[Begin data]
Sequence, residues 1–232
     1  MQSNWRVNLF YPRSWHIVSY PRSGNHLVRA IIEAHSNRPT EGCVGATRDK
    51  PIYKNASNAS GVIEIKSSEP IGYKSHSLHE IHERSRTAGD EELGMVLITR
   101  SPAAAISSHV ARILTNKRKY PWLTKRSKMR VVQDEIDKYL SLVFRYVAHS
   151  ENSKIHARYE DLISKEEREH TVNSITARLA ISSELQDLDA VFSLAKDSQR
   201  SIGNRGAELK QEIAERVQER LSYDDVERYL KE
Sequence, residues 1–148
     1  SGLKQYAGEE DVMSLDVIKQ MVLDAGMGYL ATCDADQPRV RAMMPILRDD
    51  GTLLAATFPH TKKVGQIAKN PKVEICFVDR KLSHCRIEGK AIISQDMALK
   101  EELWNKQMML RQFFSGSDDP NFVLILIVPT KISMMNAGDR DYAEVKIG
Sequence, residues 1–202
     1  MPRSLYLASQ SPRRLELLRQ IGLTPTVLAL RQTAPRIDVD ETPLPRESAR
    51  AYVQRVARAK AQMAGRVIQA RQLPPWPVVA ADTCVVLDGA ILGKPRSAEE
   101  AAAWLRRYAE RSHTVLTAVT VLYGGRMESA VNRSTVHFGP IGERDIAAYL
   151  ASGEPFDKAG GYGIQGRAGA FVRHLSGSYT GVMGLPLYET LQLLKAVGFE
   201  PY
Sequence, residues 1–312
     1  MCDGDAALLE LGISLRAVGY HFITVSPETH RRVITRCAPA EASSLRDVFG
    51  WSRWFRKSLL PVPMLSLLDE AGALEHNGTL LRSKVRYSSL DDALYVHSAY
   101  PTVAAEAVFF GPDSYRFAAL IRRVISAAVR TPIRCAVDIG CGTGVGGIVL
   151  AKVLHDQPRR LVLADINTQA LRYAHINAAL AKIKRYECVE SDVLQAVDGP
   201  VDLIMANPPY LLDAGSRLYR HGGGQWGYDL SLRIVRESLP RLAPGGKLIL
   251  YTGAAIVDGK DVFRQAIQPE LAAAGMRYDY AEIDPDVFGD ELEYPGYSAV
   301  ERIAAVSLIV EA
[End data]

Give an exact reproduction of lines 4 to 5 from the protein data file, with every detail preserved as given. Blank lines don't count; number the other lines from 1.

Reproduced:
   101  SPAAAISSHV ARILTNKRKY PWLTKRSKMR VVQDEIDKYL SLVFRYVAHS
   151  ENSKIHARYE DLISKEEREH TVNSITARLA ISSELQDLDA VFSLAKDSQR